(groundwater, roadway orientation, and others) and experience.
In reality the design process is a tradeoff between stability and economics. Steep slopes
and narrow ditches are usually less expensive to construct than the safer and more
stable flatter slopes and wider ditches. To a lesser extent, aesthetics may play a role in
rock cut designs and can enhance engineering designs. They should not, however, be
allowed to dictate the design. In most cases agreeable compromises are possible
between aesthetics and safety.
Since the geologic structure and type of rock vary considerably at each individual rock
cut (often within the same project), it is difficult to provide general guidelines for design
recommendations that fit all circumstances. The following guidelines are created to fit
typical conditions common to Minnesota. The Geology Unit should be contacted for sitespecific designs. The examples below will consider two general categories of rock
based on their ease of excavation. Soft rocks, which include principally shale and
sandstone, can be excavated without blasting. Hard rocks, which require blasting to
excavate, include igneous, metamorphic rocks and carbonates.

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Low rock cuts (<6 ft in height) can be treated as rock slopes or soil slopes by the
designer. Softer rock slopes may be laid back to match existing soil slopes and covered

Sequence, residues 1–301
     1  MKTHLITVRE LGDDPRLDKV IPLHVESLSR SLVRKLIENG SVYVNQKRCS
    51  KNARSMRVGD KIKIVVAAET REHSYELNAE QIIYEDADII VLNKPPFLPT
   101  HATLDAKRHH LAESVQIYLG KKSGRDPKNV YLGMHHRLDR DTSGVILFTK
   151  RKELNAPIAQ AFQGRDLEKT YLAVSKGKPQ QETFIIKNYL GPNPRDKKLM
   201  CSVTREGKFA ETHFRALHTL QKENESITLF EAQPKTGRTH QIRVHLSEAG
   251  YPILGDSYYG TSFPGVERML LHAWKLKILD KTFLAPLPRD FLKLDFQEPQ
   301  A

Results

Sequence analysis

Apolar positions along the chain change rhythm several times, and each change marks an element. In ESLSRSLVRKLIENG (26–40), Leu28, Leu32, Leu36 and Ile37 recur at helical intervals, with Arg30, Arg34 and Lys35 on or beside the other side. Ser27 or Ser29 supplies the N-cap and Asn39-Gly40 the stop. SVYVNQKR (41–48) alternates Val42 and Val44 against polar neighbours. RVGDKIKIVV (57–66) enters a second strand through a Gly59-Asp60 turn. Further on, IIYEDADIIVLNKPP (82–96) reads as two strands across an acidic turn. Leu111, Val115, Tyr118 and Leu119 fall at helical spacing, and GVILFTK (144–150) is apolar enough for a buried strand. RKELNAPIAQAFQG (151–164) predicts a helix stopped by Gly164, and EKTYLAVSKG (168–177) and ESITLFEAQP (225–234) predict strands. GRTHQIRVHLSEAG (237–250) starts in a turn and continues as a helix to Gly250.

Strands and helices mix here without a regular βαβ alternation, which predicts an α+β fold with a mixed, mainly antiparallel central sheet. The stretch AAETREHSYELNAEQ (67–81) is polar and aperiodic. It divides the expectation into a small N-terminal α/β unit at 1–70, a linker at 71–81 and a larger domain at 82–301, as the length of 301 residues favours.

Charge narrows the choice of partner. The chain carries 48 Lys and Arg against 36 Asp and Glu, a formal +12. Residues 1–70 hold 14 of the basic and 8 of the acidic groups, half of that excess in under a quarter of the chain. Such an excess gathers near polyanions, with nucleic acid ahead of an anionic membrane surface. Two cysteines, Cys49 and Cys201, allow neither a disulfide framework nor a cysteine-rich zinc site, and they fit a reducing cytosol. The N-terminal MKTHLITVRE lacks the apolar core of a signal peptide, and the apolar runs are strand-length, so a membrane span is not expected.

with topsoil and vegetation. In hard rock, blasting of the slope will likely be required.
MnDOT specification 2105.3C requires presplitting of hard rock types for any cut slope
steeper than 1H:1V. Presplitting of these low cut faces is not necessary from a rockfall
standpoint, but will result in a clean, durable rock face that does not deviate significantly
from the planned excavation line. Aesthetic considerations such as excavating back to
natural discontinuities in the rock face rather than presplitting are allowed, but special
provision language will need to be included that excludes presplitting.
Intermediate rock cuts (6 ft to 30 ft in height) should closely follow the design
guidelines in the Road Design Manual, Figure 4-6.02, Typical Rock Section, or may
employ an alternate design approved by the Geotechnical Engineering Section. Soft
rock slopes can be treated as soil slopes with standard ditch sections, in which case
they should be covered with topsoil and vegetation. Often, sandstone is exposed in
high bluffs where it would be impractical to cut it to a soil slope. In this case it is often
desirable to cut the sandstone to a steep slope, such as 4V:1H, and direct runoff away